A First Nation — one of the many groups of Indigenous people — in Canada announced the discovery of 751 unmarked graves at the site of a former Indian residential school in the province of Saskatchewan. The news, which was announced in late June 2021, came a few weeks after another similar discovery in British Columbia of the unmarked graves of 215 children in the grounds of another former boarding school.
In their statement, the Federation of Sovereign Indigenous Nations that represents 74 First Nations in Saskatchewan described the discovery as “horrific and shocking,” and “the most significantly substantial to date in Canada.” The Cowessess First Nation Tribe found the remains at the site of the former Marieval Indian Residential School.
The residential schools were part of a system that took Indigenous children from their families over the course of more than a century between 1883 until their closing in the late 1990s. The goal of these schools was to forcibly assimilate these children, by preventing them from speaking their own languages and keeping them away from their tribes. Many of the children were never returned home, and died under often unknown circumstances. Stories of disease outbreaks, sexual, emotional, and physical abuse were rife in these schools.
According to the Truth and Reconciliation Commission set up by the government of Canada in 2008, which investigated the schools, at least 150,000 Indigenous children passed through the system which was also described as “cultural genocide.” Today, Canada has 1.7 million Indigenous citizens.
In a virtual news conference in late June 2021, Cowessess Chief Cadmus Delorme clarified that these were unmarked graves and not a mass grave site. He added that some of the remains discovered may be of people who attended the church or were from nearby towns.
The recently discovered graveyard at the Marieval school was reportedly operating long after the school shut down. Archaeologists and Indigenous leaders predict there will be more such finds as the federal and provincial governments, as well as private companies are helping in the search for gravesites. The federal government has announced it would provide $3.9 million to Saskatchewan’s Indigenous groups to aid in their search for more graves.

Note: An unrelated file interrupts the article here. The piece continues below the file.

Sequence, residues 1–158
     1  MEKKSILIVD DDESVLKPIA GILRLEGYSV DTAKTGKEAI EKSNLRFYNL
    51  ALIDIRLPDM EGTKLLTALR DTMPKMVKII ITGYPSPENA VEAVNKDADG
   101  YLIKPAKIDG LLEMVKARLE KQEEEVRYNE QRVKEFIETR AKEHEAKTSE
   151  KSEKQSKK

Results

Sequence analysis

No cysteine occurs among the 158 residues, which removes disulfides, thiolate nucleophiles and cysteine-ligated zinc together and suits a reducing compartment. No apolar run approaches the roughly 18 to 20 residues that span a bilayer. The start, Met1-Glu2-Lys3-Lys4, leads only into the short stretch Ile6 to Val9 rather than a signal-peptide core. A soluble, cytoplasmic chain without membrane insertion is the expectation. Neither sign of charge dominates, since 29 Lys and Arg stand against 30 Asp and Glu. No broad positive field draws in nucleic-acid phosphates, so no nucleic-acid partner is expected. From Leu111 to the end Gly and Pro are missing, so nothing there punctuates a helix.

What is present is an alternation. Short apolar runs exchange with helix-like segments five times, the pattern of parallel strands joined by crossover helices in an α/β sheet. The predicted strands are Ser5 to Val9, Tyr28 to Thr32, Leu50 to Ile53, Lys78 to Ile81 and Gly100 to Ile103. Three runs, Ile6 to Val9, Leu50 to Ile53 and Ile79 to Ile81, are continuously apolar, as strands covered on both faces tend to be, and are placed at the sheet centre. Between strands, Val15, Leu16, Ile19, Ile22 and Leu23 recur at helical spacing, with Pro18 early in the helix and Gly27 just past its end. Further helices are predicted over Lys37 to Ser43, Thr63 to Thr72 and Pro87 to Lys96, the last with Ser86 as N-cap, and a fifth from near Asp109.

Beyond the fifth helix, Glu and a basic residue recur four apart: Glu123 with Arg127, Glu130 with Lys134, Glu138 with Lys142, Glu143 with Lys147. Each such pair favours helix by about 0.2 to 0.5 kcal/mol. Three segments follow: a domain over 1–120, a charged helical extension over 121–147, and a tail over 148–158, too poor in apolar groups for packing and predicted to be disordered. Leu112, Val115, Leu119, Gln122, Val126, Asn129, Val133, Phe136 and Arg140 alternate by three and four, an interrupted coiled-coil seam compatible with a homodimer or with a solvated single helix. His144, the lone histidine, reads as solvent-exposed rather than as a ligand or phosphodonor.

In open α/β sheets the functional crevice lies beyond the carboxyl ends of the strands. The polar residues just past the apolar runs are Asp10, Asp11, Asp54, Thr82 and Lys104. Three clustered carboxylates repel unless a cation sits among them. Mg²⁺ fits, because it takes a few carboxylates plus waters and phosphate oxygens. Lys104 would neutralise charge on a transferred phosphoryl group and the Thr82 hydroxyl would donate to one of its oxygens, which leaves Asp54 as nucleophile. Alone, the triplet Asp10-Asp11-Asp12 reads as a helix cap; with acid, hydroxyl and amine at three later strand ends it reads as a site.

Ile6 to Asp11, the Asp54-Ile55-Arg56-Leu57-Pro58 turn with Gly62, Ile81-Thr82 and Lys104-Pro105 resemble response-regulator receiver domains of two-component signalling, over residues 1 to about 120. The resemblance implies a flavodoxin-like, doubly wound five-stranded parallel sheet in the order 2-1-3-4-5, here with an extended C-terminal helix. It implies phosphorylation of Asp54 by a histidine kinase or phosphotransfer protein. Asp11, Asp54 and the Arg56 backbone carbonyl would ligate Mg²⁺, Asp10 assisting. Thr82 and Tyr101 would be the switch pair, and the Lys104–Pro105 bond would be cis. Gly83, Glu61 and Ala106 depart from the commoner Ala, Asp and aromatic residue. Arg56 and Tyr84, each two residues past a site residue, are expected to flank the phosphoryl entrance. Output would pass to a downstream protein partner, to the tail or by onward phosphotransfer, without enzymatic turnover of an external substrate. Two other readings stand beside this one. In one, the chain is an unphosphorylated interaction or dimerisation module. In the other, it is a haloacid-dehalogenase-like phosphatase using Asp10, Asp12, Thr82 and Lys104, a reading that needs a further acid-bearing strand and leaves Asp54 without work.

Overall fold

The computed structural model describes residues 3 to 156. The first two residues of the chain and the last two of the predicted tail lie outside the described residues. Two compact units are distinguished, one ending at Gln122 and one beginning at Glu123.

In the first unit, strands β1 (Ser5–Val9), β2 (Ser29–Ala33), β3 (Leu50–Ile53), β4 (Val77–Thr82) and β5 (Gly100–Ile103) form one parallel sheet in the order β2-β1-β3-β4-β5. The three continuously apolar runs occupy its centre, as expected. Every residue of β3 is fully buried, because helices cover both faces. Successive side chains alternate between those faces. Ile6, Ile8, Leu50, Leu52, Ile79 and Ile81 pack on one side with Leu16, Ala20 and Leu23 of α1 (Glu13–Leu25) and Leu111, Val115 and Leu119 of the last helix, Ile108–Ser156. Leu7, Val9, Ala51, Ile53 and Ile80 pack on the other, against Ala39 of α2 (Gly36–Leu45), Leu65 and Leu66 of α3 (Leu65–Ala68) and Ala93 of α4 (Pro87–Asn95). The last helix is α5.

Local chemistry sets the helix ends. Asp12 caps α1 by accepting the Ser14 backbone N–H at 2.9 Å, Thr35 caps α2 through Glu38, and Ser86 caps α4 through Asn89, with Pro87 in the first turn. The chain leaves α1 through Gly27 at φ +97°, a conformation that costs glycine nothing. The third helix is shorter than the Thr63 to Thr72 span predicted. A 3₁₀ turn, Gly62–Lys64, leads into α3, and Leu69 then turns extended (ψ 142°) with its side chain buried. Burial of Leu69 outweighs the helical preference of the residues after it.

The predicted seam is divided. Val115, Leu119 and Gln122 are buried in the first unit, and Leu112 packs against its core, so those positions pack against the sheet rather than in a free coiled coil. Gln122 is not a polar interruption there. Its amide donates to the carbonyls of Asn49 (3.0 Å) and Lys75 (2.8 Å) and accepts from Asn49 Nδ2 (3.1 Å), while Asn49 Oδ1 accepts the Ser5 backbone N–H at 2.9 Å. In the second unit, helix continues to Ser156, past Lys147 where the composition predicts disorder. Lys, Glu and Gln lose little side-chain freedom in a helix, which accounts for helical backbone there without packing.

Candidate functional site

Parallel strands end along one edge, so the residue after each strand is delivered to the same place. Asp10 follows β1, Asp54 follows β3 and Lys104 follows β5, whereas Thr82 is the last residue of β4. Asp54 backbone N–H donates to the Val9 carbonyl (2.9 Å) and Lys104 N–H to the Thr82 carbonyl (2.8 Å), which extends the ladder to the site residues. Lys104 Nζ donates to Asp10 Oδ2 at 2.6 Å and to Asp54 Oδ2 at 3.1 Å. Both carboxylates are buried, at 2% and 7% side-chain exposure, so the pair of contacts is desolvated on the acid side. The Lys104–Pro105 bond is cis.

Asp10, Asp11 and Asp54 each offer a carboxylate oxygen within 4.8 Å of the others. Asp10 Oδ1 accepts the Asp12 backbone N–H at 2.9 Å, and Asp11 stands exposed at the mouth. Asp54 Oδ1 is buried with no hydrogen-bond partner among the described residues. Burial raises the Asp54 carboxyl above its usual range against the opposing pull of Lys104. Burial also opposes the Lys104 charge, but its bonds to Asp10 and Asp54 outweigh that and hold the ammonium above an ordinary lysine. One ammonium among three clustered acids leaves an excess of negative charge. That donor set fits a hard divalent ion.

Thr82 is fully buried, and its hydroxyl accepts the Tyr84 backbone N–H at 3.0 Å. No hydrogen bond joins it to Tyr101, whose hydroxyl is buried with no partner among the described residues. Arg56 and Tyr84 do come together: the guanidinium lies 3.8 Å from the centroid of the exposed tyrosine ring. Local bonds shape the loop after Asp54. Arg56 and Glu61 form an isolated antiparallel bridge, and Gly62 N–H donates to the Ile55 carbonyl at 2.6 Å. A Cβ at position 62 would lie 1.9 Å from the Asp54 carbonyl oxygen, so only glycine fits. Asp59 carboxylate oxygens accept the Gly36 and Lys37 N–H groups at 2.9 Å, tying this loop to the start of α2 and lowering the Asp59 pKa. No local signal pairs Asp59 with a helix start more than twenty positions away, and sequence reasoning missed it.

On June 30, 2021, the Lower Kootenay Band, a First Nations group in British Columbia, announced that they had found 182 human remains in unmarked graves near another former residential school. In a press release they said they believed the remains were those of people from the bands of the Ktunaxa nation, which includes the Lower Kootenay Band, aq’am and other First Nation communities. The remains were reportedly first discovered last year, by the aq’am community that used ground penetrating radar technology.
“The Lower Kootenay Band is still in the very early stages of receiving information from the reports of the finding, but will provide updates as time progresses,” the band said.
Update 6/29/2021: Added statement from Cowessess Chief Cadmus Delorme.
Update 6/30/2021: Added news about remains found in British Columbia.